Responsible Wood is sharing the stories from those at the frontline, managing and preserving forests amidst the 2019-20 Australian bushfire season, Black Summer, the impact of those fires and the recovery efforts over recent months.    

In a special bonus edition, the final in a four-part series, we look to the season ahead.

The memory of the bushfire season is still fresh in many people’s minds, however time has come to look ahead and prepare for the coming season.

Forestry Corporation’s management of State forests is certified to Australian Standard for Sustainable Forest Management under the Responsible Wood Certification System.

The Responsible Wood Certification System sets criteria for forest management.

Key requirements of the standard includes the management of unplanned fire and disturbance to maintain or enhance forest ecosystem health in order to rehabilitate degraded forest.

As one of NSW’s four firefighting agencies, Forestry Corporation is responsible for managing fire on over two million hectares of State forests. It also assists the NSW Rural Fire Service (RFS) and the NSW National Parks and Wildlife Service with large bushfires and contributes to interstate and overseas firefighting deployments.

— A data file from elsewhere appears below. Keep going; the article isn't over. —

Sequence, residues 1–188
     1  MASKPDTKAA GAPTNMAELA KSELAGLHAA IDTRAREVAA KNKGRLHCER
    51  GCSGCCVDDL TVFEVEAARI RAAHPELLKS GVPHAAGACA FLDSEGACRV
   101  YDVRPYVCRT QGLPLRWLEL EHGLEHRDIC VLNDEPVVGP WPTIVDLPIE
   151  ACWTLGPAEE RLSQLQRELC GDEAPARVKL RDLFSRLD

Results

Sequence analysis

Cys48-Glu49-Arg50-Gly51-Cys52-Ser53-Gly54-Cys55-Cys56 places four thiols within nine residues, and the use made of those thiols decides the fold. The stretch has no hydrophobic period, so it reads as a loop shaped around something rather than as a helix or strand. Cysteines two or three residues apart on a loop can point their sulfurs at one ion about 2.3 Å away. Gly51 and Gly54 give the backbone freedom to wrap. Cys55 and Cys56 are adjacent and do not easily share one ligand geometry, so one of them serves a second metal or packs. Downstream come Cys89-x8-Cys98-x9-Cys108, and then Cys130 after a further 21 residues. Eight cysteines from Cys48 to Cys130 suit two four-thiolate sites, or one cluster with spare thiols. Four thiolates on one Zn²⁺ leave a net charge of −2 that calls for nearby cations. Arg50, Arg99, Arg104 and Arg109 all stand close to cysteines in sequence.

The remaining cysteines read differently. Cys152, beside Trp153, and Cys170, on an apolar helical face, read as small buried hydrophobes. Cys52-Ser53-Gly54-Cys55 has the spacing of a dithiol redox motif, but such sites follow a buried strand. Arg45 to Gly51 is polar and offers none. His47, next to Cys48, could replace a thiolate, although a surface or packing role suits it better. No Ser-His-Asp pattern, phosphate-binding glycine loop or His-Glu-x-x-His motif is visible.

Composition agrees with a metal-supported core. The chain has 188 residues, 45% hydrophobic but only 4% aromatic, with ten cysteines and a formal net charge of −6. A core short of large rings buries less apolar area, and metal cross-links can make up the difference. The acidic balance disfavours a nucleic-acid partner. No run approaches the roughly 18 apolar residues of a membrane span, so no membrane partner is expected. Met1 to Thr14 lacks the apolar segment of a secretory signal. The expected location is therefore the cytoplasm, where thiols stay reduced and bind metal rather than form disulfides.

Essential to this role is a program of planning, partnerships and prevention.

Optimistic but cautious

With a La Nina predicted and coming into summer with good soil moisture, Forestry Corporation staff are feeling a lot more at ease than this time last year, said Forest Protection Manager, Karel Zejbrlik.

“I’m looking forward to getting back to a level playing field; the extreme conditions of last year made firefighting very challenging,” Mr Zejbrlik said.

Fire is part of the Australian landscape and there have already been a few bushfires on the north coast this season.

Preparation is still essential

Bushfire protection rests on a well-trained firefighting force, maintained roads, the right equipment and a hazard reduction program in the cooler months of the year.

The cooler months of 2020 were no exception to this, said Mr Zejbrlik.

“Although we are feeling a lot more at ease than this time last year, we are leaving nothing to chance when it comes to protecting State forests from wildfire,” he said.

“The last few months have seen us again invest heavily in training our firefighting staff and maintaining our extensive network of roads and fire trails.

“We have also seen to it that our firefighting equipment and fleet are in top working order and we have PPE stock on hand for our staff.